Reading a list of facts, especially about something like cancer, can be scary. As you consider the information here, remember that with early screening and testing, colon cancer is preventable, treatable and beatable for anyone!

About Colorectal Cancer

  • It is the third most commonly diagnosed cancer and the second leading cause of cancer death.
  • Colorectal cancer affects men and women equally, and people of all races and nationalities.
  • Anyone can get colorectal cancer.
  • The lifetime risk of being diagnosed with colorectal cancer is about one in 20.
  • The National Cancer Institute estimated that in 2013 102,480 new cases of colon cancer would be diagnosed, and 50,830 people would lose their lives to colon and rectal cancers.
  • Between 1999 and 2006 the 5-year relative survival rate for Stage 1 and Stage II colon cancer was 90%; the 5-year survival rate for patients diagnosed at Stage III was 70% and Stage IV was 12%.
  • Colorectal cancer usually develops slowly over a period of 10 to 15 years.
  • Colorectal cancer rates in the US vary widely by geographic area. Contributing factors include regional variations in risk factors and access to screening and treatment.
  • Compared to whites, all other racial/ethnic groups are less likely to have colorectal cancer found in the early stages.
  • Colorectal cancer incidence rates have been declining in the US since the mid-1980s, due to increased awareness and screening.
  • Often, those who are diagnosed with colon cancer have experienced no signs or symptoms associated with the disease.
  • Currently, only about half of people aged 50 or older, for whom screening is recommended, report having received colorectal cancer testing consistent with current guidelines.
  • The median age of colorectal cancer diagnosis overall in the U.S. is 68 years in men and 72 years in women.
  • While most people diagnosed with colon cancer have no family history of the disease, those with a family history of the disease should begin screening at an earlier age.
  • People with a parent, sibling, or offspring with colorectal cancer have 2 or 3 times the risk of developing colon cancer compared to those with no family history of the disease. 
  • When a relative is diagnosed at a young age or if there is more than one affected relative, the risk of developing colorectal cancer increases to three to six times that of the general population. 
  • About 20% of all colorectal cancer patients have a close relative who was diagnosed with the disease.

Colon Cancer in Young People

  • The risk of colorectal cancer increases with age; 91% of cases are diagnosed in individuals 50 years of age and older.
  • While rates of colon cancer have been declining among adults 50 years and older, incidence of colorectal cancer is increasing among adults under age 50.
  • Between 1998 and 2007 colorectal cancer cases have dropped steadily in adults over 50, but they increased by more than 2% each year in younger adults – as much as 4% for rectal cancers, and 3% for colon cancer.
  • Younger adults were more likely than older adults to be diagnosed with late-stage cancers.
  • People in their 30s were about 30% more likely than other age groups to be diagnosed with cancers in stage III or IV.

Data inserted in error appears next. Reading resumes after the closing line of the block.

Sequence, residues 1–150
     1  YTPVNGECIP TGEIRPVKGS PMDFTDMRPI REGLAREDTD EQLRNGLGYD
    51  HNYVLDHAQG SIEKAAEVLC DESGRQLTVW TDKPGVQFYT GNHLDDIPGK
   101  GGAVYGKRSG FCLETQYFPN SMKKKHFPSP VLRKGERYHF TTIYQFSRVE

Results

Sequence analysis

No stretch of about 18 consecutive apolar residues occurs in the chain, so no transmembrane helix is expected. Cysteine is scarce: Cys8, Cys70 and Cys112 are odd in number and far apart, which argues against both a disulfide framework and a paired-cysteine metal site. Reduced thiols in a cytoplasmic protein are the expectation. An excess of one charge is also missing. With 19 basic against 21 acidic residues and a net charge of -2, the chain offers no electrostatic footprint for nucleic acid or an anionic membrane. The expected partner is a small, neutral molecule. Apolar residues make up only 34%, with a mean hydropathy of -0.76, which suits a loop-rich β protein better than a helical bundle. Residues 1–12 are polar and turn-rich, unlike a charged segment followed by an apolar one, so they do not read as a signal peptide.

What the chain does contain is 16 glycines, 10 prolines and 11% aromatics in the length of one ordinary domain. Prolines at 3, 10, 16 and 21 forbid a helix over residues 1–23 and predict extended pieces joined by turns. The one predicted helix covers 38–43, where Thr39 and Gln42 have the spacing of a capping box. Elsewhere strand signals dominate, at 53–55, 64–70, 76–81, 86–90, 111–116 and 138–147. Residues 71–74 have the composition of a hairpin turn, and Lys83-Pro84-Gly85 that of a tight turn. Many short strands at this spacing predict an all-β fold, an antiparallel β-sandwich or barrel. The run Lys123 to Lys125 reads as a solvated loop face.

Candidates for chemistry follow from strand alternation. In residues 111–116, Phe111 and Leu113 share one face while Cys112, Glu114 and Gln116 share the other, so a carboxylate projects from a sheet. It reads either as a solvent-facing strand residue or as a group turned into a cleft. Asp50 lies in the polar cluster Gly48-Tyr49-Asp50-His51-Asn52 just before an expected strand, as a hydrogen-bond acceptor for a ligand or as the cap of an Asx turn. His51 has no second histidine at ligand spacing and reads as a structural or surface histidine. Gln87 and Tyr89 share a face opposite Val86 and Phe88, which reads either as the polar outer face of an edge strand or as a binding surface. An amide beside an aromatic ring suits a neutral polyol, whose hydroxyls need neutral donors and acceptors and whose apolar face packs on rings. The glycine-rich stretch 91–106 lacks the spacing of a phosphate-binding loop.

• About 72% of cases of colorectal cancer in young people arise in the colon and about 28% in the rectum.

What About Screening?

  • According to the American Cancer Society, men and women should begin screening for colon cancer at age 50.
  • The CDC says that if the entire population was screened at the age of 50, the number of colorectal cancer-related deaths could be cut by 60%.
  • Screening has the potential to prevent colorectal cancer because polyps (precursors to cancer) can be removed during a colonoscopy screening. Furthermore, being screened at the recommended frequency increases the likelihood that when colorectal cancer is present, it will be detected at an earlier stage.
  • When colorectal cancer it detected in its early stages it is more likely to be cured, treatment is less extensive, and the recovery is much faster.
  • The risk of developing or dying from colorectal cancer can be reduced by maintaining a healthy body weight, regular physical activity, limiting intake of red and processed meats, and by not smoking.

What else?

  • In the past ten years, colon cancer screening rates have increased, but rates still remain low, especially among those who are uninsured.
  • By increasing colorectal cancer screening rates in the 50 to 64 year-old population, we will reduce suffering, save lives, and reduce the cancer-treatment costs to Medicare.
  • Some estimates for one-year treatment cost for a patient with metastatic (late stage) colorectal cancer are as high as $310,000.
  • Total treatment cost for colorectal cancers in the United States is about $8.4 billion per year.
  • With early screening and testing, colon cancer is Preventable, Treatable and Beatable.

Facts compiled from:

 The Centers for Disease Control
 WebMD: Colorectal Cancer on the Rise in Adults Under-50
The National Cancer Institute
American Cancer Society, Colorectal Cancer Facts & Figures 2011-2013
 American Cancer Society, Cancer Facts & Figures 2012

Information on these pages is provided for informational purposes only. Consult your own physician before making any medical decisions.